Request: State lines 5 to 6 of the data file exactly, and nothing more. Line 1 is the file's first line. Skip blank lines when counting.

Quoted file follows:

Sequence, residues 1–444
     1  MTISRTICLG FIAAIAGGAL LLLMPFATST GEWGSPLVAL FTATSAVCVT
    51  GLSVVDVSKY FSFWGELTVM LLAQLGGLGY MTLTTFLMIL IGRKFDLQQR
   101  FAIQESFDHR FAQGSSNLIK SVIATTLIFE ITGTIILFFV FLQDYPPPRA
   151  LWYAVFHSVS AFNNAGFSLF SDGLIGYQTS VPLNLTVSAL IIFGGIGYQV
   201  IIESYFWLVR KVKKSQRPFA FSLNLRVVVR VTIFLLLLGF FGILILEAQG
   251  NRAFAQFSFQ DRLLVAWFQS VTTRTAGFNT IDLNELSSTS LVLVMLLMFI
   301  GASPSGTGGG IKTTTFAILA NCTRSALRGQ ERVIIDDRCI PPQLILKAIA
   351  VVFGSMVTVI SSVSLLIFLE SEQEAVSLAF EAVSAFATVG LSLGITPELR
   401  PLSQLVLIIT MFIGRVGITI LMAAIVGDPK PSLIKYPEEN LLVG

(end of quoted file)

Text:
   151  LWYAVFHSVS AFNNAGFSLF SDGLIGYQTS VPLNLTVSAL IIFGGIGYQV
   201  IIESYFWLVR KVKKSQRPFA FSLNLRVVVR VTIFLLLLGF FGILILEAQG